One such attribute- really? Are you not trying to a get away with it? See how easy it is pit God’s own nature against his own nature to love? God is not looking at one little ol’ aspect of your life or mine. He looks at the human heart. He seeks to change it in a just and fair manner. Such is love that offers a choice and from that, a person awakened invites Christ within, so Jesus by his grace will change the direction of one's life.

Actual Love does not rape the soul, nor force one to change. Such love shows justice to the soul in honoring what that soul desire as Job 34:11 states clearly. God's love proves just to all because it will not rape, nor force one’s soul to become something they refuse. Instead, God proves his love upon the cross we all put him on – to get away with it. The cross seeks to persuade men and women to stop their ‘I can get away with it’ attitude. Those that see what they have done - come to their senses seeing God's great love offering forgiveness by believing on Christ Jesus and are changed. Those that refuse will be respected and reap eternally what they have sown.

God will not allow heaven to become a place where people get away it – carry that sin attitude – get away with it – to mock him, spit on him, put him on trial, bear false witness against him, demand he perform on human terms, seeks to enslave Him, manipulate him, drive nails jealousy into him, take his royal crown and replace it with one made of spiked thorns get him to do whatever, however, to cause God to go against who he is no matter how clever the ploys are. That is sin; it is eternal because it is in our eternal hearts.

Dying mortal death ushers into the realm where repentance is impossible and any forced afterlife change is unjust to the person who now, as an eternal being learned real well, they can continue to try to get away with it. It is in this mortal life where God can begin the change in our hearts and seal us in such just manner so we will not continue to try to get away with it any more. That is called and begins by being born again, not by one's own corruptible spirit but God’s own incorruptible Spirit who changes you from the inside out.

If you like to deal with these last three paragraphs above themes and discuss further, we can. For now, Ivellious you need to see what you are doing, how you try to get away with it, and ask yourself, if allowed into heaven unchanged what would a sinless heaven become? The Lord is incredibly fair and seeks to offer himself on that Cross to persuade that we need to be saved from ourselves as we cannot set ourselves free from our justifying to get away with it.

Fact is we cannot get away with it in the end no matter how hard we work to be good because that work to be good enough is just another justifying excuse to - get away with it. The offer is before you, what will it be? How long will it take? How long do you have?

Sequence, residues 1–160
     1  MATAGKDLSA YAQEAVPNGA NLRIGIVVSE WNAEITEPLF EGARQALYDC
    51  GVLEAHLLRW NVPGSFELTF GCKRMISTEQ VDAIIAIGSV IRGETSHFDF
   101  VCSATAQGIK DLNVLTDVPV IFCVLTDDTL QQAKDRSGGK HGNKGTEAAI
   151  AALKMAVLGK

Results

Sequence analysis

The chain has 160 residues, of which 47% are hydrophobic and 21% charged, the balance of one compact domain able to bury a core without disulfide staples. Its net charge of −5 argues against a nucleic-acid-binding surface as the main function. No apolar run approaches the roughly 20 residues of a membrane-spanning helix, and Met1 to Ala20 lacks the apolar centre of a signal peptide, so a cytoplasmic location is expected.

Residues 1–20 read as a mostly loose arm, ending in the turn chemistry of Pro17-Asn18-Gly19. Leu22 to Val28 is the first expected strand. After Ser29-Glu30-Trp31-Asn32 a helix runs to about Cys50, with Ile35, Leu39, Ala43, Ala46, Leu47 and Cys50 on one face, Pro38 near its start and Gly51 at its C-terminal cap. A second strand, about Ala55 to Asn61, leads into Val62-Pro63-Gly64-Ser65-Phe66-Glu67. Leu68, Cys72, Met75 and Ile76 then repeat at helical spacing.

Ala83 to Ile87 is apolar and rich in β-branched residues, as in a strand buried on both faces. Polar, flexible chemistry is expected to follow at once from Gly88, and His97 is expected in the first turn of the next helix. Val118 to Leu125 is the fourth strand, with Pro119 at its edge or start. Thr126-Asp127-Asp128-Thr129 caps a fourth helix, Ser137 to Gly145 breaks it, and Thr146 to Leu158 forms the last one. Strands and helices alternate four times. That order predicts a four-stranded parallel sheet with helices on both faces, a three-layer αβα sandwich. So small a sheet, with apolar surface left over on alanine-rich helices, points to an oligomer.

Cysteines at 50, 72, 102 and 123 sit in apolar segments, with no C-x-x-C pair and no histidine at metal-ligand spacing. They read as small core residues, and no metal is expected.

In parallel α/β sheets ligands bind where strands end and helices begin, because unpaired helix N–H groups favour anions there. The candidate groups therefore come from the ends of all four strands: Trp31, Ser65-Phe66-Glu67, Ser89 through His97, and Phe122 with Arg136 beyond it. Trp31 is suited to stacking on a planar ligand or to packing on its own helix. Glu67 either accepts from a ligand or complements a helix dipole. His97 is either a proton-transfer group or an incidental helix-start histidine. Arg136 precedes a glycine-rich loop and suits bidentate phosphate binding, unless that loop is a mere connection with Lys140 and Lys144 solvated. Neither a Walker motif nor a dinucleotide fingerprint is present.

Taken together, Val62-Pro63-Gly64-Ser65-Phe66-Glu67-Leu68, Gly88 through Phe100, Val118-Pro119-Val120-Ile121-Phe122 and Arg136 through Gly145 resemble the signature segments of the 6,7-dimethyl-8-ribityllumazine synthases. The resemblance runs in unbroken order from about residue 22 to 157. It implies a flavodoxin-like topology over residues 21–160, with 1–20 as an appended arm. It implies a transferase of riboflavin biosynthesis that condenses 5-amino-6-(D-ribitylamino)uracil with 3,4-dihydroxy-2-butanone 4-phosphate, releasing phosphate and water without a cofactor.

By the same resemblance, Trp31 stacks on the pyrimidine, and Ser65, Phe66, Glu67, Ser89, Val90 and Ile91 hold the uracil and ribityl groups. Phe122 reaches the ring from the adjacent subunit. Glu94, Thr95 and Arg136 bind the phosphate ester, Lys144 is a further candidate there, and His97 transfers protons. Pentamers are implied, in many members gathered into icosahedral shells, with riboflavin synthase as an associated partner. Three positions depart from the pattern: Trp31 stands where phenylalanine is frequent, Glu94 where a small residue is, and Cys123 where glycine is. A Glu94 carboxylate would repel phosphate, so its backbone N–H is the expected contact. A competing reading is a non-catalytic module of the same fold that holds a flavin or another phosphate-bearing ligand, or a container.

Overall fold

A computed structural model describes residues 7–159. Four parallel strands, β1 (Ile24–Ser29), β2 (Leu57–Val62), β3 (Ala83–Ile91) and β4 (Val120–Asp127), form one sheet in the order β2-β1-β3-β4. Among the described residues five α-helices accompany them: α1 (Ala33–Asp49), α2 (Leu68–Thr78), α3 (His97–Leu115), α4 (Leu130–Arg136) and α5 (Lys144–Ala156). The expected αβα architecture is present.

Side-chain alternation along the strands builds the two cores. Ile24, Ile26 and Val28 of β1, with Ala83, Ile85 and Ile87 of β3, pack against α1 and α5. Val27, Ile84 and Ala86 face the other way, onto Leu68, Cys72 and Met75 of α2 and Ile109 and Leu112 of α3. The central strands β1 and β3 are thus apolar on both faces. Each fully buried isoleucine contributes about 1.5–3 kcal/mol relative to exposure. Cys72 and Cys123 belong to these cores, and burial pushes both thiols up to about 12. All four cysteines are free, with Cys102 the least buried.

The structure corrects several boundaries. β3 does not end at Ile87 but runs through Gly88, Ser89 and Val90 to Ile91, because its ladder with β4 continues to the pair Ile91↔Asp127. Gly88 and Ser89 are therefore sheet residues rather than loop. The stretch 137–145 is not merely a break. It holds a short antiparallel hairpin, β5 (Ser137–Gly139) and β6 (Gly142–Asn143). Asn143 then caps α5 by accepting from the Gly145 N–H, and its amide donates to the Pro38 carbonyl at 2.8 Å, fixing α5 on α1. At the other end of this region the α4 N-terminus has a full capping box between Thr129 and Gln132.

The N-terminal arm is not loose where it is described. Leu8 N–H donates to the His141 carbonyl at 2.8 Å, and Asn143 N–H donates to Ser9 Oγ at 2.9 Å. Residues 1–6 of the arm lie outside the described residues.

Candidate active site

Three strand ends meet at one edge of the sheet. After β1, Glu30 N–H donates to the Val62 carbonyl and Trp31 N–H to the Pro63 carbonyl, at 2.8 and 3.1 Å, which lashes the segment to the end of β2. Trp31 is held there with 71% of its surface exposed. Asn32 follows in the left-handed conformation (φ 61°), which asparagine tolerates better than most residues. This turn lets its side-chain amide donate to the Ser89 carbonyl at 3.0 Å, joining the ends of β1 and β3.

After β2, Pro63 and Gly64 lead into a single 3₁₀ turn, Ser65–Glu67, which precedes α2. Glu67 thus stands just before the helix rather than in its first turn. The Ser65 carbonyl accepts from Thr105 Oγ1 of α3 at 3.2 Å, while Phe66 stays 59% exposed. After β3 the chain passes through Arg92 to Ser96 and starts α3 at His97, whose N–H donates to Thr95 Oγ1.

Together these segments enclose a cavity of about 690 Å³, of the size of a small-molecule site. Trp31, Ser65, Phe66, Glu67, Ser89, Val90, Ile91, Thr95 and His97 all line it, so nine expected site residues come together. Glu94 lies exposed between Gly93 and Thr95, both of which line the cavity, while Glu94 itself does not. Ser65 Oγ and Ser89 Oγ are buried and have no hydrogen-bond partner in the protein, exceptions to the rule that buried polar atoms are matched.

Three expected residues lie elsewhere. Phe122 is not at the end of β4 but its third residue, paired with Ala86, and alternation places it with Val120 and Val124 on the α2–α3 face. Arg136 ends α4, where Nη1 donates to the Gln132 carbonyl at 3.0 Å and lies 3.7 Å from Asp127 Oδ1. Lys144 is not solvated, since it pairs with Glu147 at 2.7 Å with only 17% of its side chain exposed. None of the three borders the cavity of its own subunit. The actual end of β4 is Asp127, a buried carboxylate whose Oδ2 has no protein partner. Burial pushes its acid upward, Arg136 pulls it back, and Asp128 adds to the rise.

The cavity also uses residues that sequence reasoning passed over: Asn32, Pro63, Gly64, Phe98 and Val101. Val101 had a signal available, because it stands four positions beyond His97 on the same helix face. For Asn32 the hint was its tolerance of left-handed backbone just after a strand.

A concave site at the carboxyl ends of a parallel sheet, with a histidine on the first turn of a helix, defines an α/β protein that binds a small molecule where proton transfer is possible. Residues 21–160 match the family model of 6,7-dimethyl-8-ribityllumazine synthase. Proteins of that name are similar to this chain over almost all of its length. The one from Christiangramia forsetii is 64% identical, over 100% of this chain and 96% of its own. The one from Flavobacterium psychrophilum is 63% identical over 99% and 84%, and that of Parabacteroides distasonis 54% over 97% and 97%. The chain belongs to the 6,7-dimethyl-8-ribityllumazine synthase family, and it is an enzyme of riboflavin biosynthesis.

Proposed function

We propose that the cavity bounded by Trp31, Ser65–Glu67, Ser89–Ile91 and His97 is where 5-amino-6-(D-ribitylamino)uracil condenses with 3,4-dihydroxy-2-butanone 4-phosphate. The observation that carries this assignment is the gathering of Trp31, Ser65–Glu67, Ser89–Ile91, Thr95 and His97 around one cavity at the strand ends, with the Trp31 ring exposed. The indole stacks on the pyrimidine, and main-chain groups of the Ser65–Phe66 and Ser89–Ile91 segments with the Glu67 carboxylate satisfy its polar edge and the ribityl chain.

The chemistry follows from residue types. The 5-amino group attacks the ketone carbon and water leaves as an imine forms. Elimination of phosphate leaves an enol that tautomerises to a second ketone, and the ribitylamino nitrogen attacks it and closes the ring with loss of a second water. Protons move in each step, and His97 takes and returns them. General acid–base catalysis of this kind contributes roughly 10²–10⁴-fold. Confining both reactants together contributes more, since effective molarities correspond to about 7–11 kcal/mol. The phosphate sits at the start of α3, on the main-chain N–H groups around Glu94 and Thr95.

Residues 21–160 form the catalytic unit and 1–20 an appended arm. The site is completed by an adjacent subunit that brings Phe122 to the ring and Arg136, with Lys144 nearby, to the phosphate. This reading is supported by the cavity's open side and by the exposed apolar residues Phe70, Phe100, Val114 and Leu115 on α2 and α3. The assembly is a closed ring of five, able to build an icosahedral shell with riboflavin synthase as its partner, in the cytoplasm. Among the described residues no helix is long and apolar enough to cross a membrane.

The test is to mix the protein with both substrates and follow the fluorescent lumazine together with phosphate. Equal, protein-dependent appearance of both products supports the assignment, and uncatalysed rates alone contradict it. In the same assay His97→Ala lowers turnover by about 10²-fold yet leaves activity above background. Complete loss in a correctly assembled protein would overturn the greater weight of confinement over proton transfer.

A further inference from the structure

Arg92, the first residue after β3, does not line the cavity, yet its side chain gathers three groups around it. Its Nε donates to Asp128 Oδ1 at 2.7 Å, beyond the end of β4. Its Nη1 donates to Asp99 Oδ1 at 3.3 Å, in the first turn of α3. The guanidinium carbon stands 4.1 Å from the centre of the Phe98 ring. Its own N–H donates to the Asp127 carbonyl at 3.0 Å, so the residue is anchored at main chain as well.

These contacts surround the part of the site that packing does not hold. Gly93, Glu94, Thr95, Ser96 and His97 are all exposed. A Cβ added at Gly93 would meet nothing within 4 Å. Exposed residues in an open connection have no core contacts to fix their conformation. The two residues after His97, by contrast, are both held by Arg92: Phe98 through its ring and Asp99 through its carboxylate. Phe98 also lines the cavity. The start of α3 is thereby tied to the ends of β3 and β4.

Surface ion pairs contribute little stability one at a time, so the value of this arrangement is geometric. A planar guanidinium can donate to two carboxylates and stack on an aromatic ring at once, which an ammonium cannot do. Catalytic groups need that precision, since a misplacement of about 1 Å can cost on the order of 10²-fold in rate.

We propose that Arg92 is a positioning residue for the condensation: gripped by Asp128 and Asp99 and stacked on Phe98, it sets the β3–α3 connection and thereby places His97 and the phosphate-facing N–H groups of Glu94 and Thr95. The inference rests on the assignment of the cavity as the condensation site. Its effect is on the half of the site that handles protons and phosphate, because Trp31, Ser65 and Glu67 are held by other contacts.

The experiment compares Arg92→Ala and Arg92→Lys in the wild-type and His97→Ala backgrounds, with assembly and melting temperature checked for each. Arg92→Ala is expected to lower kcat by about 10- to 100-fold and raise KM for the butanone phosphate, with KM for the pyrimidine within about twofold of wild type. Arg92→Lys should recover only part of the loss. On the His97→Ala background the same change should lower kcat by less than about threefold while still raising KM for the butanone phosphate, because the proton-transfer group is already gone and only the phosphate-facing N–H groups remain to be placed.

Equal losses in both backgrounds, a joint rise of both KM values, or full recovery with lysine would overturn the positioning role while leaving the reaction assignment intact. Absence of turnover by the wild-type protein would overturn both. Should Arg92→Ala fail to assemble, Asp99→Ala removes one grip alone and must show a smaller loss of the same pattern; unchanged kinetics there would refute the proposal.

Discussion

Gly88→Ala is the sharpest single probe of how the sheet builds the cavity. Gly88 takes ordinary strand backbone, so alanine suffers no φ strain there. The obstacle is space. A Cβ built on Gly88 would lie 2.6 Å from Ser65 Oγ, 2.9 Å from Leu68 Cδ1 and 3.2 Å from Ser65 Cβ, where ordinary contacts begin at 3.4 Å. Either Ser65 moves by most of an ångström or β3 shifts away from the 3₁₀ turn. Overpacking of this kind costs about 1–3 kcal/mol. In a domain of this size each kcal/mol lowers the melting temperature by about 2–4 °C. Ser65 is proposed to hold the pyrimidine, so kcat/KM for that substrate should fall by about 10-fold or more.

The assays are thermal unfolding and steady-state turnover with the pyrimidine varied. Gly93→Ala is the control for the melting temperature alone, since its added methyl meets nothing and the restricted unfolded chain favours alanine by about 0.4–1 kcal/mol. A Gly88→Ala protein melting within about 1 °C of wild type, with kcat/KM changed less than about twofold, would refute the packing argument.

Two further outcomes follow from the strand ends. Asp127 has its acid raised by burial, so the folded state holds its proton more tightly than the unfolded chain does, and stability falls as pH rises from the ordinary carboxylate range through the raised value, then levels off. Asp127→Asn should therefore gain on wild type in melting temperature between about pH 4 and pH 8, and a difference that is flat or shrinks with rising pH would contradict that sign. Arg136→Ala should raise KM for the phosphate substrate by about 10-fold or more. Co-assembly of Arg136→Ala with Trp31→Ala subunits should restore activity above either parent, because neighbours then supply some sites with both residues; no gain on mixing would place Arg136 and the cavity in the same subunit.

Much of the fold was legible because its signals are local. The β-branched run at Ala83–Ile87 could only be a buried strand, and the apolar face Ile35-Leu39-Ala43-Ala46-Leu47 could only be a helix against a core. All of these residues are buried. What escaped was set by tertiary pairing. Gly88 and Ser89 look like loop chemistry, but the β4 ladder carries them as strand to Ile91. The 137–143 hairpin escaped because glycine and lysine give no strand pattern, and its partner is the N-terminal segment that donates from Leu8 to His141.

-
-
-

-
Science is man's invention - creation is God's
(by B. W. Melvin)

Old Polish Proverb:
Not my Circus....not my monkeys

fromabove
Newbie Member
Posts: 4
Joined: Thu Feb 02, 2012 4:25 pm
Christian: No
Sex: Male
Creation Position: I don't believe in creation
Has liked: 0
Been liked: 0

Re: Who gets into Heaven?

#29

Post by fromabove » Fri Feb 03, 2012 12:41 pm

What worries me about all this is that some people say they 'believe' rather than they "think" in regards all questions of faith. Does anyone on here want to go to the Heaven of the God of the Old Testament which would resemble Sharia Law is certain aspects?

Danieltwotwenty
Ultimate Member
Posts: 2879
Joined: Sun Jun 19, 2011 3:01 am
Christian: Yes
Sex: Male
Creation Position: Theistic Evolution
Location: Aussie Land
Has liked: 37 times
Been liked: 11 times

Re: Who gets into Heaven?

#30

Post by Danieltwotwenty » Fri Feb 03, 2012 4:41 pm

fromabove wrote:What worries me about all this is that some people say they 'believe' rather than they "think" in regards all questions of faith.

Please elaborate, what are you implying with believe v I think.
Does anyone on here want to go to the Heaven of the God of the Old Testament which would resemble Sharia Law is certain aspects?
how did you come to this conclusion?


Dan
1Tim1:15-17
Here is a trustworthy saying that deserves full acceptance: Christ Jesus came into the world to save sinners of whom I am the worst. But for that very reason I was shown mercy so that in me, the worst of sinners, Christ Jesus might display his immense patience as an example for those who would believe in him and receive eternal life. Now to the King eternal, immortal, invisible, the only God, be honor and glory for ever and ever.Amen.

Post Reply